Hyton Silwimba is a 46 years old man who comes from Nkhweta village in the area of traditional authority Chindi, Mzimba. He is one of the beneficiaries under the Pathways for Successful Transition (PAST) project which is being implemented by Save the Children and CRECCOM. Hyton used to live a miserable life with his wife because they both were not used to doing business or agri-business of any kind. Their children were lacking proper food for their better growth which could result in malnutrition. This was happening despite receiving money from the Social Cash Transfer Program (SCTP). Whenever they received SCTP money, they thought it was impossible to invest it in any business. This made them dependent on parents, well-wishers, and SCTP money only.
However, his interaction with the PAST project community volunteers helped him change his perception. One day he watched a play done by Jamadija Community Theatre Group which addressed issues to do with dependency syndrome and the benefits of capitalizing SCTP money on business and joining Village Savings and Loans (VSLs) groups. He decided to start taking part in the activities deliberated by the PAST project. He consulted the project’s field implementors, Change Agent Antony Nyirenda, on how best he could develop his life and family. Through him and the mentors who worked for hand in hand with the CA, Hyton learned several things ranging from mindset change, health and sanitation, business management, and smart agriculture.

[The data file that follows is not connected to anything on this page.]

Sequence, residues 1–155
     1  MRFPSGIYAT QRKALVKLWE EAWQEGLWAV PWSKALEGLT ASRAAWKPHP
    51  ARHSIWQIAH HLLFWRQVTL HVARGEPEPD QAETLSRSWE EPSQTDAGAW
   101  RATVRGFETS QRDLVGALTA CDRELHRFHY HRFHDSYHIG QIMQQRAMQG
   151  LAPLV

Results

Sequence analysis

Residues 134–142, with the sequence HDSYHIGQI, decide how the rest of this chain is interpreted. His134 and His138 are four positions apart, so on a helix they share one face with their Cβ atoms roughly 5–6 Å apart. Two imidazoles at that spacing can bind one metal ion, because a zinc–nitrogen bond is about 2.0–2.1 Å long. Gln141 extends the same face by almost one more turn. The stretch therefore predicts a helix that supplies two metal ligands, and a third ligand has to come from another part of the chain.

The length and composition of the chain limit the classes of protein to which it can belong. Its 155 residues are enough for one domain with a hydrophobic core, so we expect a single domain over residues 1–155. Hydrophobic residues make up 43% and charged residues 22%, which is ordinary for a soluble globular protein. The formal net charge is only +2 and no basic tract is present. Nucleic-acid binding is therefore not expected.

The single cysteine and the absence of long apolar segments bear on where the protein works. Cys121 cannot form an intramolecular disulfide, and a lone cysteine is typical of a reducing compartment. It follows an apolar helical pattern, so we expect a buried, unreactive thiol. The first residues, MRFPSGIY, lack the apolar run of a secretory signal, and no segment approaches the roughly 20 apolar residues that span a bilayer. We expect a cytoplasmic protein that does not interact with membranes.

Hyton started following these lessons seriously such that when he received his 147,600 Kwacha seed capital, he invested 90,000 Kwacha in agri-business where he is buying and selling groundnuts. He also bought 5 goats that he is rearing at his home. The family plans to grow more groundnuts the next growing season so that they grow their business next year.
Pathways for Successful Transition (PAST) project is a three-year program targeting Social Cash Transfer Program (SCTP) beneficiaries in all the ten T/As of the Mzimba district to graduate them from ultra-poverty to sustained and resilient livelihoods.